Have you said to yourself "this summer seems to be hotter than it usually is?" Well, you'd be correct.
We have been stuck in a very warm and muggy pattern here across the Tri-State over the last few weeks and that has led to one of the warmest starts to Meteorological Summer in recent history.
We are nearly halfway through meteorological summer, so lets take a look at how it stacks up so far compared to past years.
For clarity, meteorological summer is defined as all 92 days spanning from June 1st through August 31st.
Our average temperature of 75.7° since the start of June, puts the first 42 days of Summer 2022 as the 25th warmest on record in Cincinnati. What makes 25 impressive is that this list of data spans 150 years, dating back to 1872!
However, if you scale that data to only include the last 50 years (1972 to present), this summer is fourth on the list, only behind 2018 (76.5°), 1991 (76.3°), and 2012 (76.0°), one of the warmest summers in recent history.
As stated, the first 42 days of summer has resulted in an average temperature (combination of our high and low temperatures) of 75.7°. The "normal" average for that same time span is 73.4°.
That 2.3 degrees above average lines up with how the last 50 years has trended. Over the last 50 years our average summer temperature in Cincinnati has increased by 2.0-degrees. That is detailed in the graph below from our friends over at Climate Central.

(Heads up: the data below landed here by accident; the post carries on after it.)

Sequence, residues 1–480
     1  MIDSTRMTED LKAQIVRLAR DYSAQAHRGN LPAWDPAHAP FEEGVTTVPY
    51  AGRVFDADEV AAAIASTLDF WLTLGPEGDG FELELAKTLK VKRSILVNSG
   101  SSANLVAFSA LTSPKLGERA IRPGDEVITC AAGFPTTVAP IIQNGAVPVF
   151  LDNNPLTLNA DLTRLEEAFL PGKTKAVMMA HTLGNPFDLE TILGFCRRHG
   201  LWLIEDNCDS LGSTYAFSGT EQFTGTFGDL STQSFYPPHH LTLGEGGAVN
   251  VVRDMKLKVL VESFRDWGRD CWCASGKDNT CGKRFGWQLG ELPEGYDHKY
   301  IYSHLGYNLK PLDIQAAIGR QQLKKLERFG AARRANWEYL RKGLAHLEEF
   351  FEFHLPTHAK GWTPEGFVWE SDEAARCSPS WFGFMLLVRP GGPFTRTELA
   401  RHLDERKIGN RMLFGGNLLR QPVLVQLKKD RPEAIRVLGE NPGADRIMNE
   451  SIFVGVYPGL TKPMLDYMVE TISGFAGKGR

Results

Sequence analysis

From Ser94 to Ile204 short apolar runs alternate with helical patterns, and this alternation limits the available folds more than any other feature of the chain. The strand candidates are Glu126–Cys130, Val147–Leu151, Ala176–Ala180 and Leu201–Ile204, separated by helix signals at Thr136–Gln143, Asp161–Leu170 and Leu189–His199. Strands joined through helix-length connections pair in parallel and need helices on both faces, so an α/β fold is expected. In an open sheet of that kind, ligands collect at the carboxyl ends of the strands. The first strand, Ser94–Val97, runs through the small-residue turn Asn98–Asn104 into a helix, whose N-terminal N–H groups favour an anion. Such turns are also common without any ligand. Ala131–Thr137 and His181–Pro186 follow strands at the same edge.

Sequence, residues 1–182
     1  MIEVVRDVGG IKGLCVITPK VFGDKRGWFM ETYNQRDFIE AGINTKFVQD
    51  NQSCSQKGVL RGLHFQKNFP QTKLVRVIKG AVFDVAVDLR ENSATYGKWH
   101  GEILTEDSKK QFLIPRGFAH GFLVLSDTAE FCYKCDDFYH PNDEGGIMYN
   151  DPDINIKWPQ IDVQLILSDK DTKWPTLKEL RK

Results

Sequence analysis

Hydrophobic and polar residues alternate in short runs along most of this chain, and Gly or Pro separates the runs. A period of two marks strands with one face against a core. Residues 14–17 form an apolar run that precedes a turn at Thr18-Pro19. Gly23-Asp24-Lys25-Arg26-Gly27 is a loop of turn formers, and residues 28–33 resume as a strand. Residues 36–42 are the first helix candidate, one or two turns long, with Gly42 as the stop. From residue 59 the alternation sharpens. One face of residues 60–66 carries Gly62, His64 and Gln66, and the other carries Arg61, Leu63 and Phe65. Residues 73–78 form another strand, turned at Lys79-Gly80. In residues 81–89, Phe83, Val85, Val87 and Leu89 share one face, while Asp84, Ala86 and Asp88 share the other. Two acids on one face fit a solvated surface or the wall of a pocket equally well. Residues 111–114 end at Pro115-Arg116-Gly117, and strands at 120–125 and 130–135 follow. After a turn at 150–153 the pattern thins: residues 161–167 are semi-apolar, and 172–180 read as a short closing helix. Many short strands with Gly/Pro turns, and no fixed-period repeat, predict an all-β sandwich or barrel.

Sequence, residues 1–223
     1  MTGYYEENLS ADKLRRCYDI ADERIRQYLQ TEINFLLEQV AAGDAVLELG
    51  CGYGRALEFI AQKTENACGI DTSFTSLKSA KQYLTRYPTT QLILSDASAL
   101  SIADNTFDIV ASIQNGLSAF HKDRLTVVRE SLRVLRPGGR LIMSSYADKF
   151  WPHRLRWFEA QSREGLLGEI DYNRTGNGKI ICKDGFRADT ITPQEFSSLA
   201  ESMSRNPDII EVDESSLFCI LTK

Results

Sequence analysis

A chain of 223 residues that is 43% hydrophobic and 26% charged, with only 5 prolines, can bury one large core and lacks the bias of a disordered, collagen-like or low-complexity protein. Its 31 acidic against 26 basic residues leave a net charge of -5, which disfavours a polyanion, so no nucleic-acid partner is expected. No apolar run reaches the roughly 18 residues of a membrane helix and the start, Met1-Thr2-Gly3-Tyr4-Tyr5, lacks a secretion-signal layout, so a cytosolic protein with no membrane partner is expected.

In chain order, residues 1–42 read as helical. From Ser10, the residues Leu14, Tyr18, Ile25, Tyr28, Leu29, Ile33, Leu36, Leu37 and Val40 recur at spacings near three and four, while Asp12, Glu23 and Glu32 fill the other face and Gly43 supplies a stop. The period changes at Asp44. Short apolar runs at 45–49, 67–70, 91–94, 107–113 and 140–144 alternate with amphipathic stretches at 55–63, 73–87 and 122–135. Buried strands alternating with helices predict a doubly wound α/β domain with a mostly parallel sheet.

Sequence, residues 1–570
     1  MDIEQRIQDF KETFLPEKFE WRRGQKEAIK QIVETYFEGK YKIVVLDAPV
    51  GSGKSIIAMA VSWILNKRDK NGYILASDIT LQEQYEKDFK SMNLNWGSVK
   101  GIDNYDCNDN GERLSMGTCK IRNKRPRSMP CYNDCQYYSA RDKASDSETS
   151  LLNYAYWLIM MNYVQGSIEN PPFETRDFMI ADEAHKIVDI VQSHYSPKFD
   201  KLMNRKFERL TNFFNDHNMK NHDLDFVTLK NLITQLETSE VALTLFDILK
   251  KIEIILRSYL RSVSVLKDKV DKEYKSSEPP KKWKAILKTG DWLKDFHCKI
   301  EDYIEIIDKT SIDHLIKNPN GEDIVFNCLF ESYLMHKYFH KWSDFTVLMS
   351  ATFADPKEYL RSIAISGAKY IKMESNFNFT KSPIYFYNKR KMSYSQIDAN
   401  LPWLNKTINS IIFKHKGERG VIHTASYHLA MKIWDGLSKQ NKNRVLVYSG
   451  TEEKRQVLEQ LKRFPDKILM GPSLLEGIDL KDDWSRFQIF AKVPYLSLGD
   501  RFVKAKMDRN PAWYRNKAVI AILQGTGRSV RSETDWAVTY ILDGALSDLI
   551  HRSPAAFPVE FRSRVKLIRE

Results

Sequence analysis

With all that warmth and humidity, it can be assumed that we have seen our fair share of days with above normal temperatures. So far, 2/3 of our days this summer have finished with temperatures warmer than normal, with 18 in June and another 10 so far in July.
With 50 days remaining in summer, if we continued on the 67% clip, we would finish with 62 out of 92 totals days above average, which would be close to the most we have ever recorded. As you can see in the graph below from Climate Central, our days above average have grown over that same 50 year span. Back in the early 1970s, we only saw 30 to 40 above average summer days, while the past decade that number is closer to 50. That is a 50-year increase of 14 days per summer. For perspective, the summer of 2021 produced 55 days above normal.
While the forecast the next few days looks to be seasonable, the extended forecast is trending towards warmer than normal temperatures returning. The Climate Prediction Center's 8- to 14-day temperature outlook, shows a strong likelihood that we will see warmer than normal temperatures for the second half of July.
The remainder of July is usually one of our hottest stretches of the year, and then we move into the month of August. August is generally our second warmest month of the year, with an average monthly temperature of 75.0°F. If we continued the trend of staying around 2.3 degrees above normal through the rest of the summer, it would place us at 17th all time and would go down as the second warmest summer so far this century.